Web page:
Does the scandal of Close Protection UK’s Jubilee stewards stranded at London Bridge without any facilities presage the use of forced voluntary labour for the Olympics, and expose the many inequities of Workfare schemes?
The TUC’s new Charter on work experience and workfare sets out the distinction between bad work experience and good, blogs Richard Exell at http://touchstoneblog.org.uk/2012/05/say-no-to-workfare/
Workfare – making unemployed people do unpaid work in jobs that would normally be done by paid workers – is triply unfair. Firstly, it is unfair to unemployed people –unpaid work is exploitation, pure and simple. Secondly, it is unfair to workers – when they have to compete with workfare conscripts some workers will lose their jobs, others will find that their pay, overtime or other conditions deteriorate (and the workers who lose most will be the weakest and lowest paid.)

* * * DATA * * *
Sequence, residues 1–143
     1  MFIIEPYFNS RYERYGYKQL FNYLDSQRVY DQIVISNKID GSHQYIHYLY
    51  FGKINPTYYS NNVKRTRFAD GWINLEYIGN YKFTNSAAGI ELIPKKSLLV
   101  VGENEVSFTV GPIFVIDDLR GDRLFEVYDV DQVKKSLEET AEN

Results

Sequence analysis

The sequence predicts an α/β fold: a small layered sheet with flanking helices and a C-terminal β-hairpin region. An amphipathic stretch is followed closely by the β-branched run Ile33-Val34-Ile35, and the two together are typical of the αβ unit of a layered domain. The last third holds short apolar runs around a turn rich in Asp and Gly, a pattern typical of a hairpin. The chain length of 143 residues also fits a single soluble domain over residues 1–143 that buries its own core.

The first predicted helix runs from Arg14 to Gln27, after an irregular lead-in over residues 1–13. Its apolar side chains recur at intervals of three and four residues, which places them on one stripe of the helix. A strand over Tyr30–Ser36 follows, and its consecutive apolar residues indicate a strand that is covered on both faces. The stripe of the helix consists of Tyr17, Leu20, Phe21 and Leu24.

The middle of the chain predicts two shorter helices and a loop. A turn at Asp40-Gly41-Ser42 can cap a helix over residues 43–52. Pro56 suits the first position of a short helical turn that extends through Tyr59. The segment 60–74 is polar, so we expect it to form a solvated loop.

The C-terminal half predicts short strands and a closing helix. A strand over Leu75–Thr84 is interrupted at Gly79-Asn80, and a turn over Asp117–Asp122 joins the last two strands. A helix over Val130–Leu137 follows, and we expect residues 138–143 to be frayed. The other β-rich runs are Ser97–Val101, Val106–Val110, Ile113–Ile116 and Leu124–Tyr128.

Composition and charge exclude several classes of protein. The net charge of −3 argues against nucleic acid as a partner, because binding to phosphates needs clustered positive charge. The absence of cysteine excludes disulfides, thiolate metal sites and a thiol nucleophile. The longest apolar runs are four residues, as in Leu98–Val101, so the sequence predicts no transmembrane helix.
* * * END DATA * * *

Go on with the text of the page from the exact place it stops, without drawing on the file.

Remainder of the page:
Thirdly, it is unfair to other businesses. Employers who don’t use people on workfare will find it difficult to match competitors who are effectively being subsidised. You don’t hear this point very often, but progressive businesses have a very good reason to oppose workfare.
Workfare isn’t the only unpaid work that’s around at the moment. Plenty of government employment programmes offer “work experience” which may not be substituting for the work of other workers but still has all the other characteristics of a job.